British billionaire Sir Richard Branson says he aims to raise US$100 million within 60 days on behalf of Venezuela through a fundraising concert in the Colombian border town of Cucuta.
Speaking hours before the fundraiser on Friday, the Virgin group boss said he and a Colombian entrepreneur friend got the idea after speaking by phone with opposition leader Juan Guaido and his political mentor Leopoldo Lopez.
The US and dozens of other countries recognise Mr Guaido as Venezuela's rightful President.
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Mr Branson said he hopes the concert will convince soldiers to disobey President Nicolas Maduro and allow shipments of humanitarian aid sitting on the border to pass.
Organisers say 32 artists will perform at the event, including Swedish DJ Alesso and 'Despacito' singer Luis Fonsi.
The concert, which will also be live streamed online, will take place close to a border bridge that was closed off by Venezuelan President Nicolas Maduro in a move to block humanitarian aid from coming into the country.
Hundreds of Venezuelan youths were on Friday seen flocking to cross the border from Venezuela to Colombia, to attend the free concert.
On the other side of the border, Mr Maduro's socialist government is promising a three-day festival deemed 'Hands Off Venezuela'.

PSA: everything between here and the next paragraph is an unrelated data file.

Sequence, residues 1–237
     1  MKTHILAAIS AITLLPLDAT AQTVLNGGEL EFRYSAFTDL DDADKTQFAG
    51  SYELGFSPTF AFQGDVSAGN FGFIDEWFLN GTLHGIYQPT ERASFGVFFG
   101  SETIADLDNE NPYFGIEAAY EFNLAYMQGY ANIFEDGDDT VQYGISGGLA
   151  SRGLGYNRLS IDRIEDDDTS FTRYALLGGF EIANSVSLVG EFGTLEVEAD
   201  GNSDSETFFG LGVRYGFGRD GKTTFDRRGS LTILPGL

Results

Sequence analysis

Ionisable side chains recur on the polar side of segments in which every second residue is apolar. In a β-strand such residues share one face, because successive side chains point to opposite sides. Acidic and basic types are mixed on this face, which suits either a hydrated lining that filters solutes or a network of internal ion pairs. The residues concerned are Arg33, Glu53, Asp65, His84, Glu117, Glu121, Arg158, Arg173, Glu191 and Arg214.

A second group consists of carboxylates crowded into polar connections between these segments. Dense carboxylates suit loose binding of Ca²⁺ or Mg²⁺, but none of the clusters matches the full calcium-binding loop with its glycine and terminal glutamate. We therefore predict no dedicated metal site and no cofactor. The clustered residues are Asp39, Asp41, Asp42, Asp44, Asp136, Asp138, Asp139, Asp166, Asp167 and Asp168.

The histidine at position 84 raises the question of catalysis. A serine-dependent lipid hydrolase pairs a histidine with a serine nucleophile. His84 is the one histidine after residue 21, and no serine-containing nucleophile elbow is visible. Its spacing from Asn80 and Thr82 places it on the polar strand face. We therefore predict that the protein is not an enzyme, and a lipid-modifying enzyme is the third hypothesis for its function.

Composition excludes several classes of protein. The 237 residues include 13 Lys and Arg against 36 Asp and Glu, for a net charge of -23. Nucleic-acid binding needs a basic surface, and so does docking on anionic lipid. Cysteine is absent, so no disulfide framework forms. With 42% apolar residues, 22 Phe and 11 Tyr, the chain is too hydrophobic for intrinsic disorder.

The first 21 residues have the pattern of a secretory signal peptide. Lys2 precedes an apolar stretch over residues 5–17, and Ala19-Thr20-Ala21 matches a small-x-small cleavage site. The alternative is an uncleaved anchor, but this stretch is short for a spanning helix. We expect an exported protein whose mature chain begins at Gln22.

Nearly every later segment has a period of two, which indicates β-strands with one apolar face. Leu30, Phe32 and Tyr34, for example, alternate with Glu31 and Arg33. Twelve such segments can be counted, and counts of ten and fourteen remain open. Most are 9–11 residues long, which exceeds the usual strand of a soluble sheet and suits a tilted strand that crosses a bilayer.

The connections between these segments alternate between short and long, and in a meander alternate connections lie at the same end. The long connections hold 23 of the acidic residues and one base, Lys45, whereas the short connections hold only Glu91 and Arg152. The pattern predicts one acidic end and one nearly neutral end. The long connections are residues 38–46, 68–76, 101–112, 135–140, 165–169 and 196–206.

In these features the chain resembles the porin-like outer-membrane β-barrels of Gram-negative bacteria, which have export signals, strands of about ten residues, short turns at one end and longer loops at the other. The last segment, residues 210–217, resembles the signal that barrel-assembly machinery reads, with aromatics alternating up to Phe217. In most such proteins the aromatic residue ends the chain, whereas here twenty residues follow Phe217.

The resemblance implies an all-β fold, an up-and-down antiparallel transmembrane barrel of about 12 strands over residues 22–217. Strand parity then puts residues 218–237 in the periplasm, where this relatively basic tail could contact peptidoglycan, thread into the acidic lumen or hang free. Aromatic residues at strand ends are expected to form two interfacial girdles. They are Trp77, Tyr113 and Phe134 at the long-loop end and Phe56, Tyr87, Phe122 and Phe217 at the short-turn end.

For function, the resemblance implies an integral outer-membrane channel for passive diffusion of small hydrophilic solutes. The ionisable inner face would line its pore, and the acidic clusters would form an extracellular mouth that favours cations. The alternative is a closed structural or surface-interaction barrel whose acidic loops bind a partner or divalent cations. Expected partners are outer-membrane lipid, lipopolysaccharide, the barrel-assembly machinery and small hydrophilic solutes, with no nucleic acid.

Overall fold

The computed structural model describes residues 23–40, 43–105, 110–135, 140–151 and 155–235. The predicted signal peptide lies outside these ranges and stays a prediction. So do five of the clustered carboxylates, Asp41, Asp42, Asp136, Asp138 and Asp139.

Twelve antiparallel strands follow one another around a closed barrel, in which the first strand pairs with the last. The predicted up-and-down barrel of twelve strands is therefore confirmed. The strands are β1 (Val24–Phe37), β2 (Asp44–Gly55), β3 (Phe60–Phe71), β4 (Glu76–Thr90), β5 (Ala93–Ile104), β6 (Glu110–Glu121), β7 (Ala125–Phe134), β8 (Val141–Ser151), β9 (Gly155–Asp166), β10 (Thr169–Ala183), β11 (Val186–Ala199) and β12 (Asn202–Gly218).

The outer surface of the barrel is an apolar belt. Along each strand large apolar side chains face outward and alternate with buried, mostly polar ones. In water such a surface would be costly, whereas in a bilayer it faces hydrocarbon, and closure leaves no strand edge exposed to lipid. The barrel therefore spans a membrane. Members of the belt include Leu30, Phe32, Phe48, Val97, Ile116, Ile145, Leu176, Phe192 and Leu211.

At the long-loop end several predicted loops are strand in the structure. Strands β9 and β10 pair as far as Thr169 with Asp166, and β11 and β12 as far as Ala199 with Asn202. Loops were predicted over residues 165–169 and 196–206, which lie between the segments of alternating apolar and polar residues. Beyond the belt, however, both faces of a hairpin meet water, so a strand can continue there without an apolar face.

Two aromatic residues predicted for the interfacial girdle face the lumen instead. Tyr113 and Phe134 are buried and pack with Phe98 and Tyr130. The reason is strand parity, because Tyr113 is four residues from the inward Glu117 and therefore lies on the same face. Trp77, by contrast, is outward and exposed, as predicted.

Carrying Venezuelan flags and waving to members of the press who were documenting their journey, the young people laughed and smiled as they passed a rickety metal fence and made their way across the Tachira River that serves as a border between the two countries.
Mr Branson hopes the concert, streamed online, will encourage donations.
"Let the music inspire and mobilise you," he said. "United through music, we can make a huge difference and help bring an end to the needless suffering of millions."
His involvement has garnered scorn from ex-Pink Floyd bassist and left-wing activist Roger Waters, who believes it's a plot to overthrow the elected government of Venezuela.
He says friends in Caracas have told there is "no civil war, no mayhem, no murder, no apparent dictatorship, no suppression of the press".
"The Red Cross and the UN, unequivocally agree, don't politicize aid," he wrote. "Leave the Venezuelan people alone to exercise their legal right to self determination."
Six hundred tonnes of aid, largely donated by the US, has been sitting in a storage facility at what is widely known as the Tienditas International Bridge for two weeks. High-ranking government officials have claimed it is poisoned.
Even as several million Venezuelans flee and those who remain struggle to find basic goods like food and antibiotics, Mr Maduro denies that a crisis exists. He contends the aid is a ploy by the Trump administration to overthrow his government.
The military has placed a large tanker and two containers in the middle of the bridge to block it.
APTN / Newshub.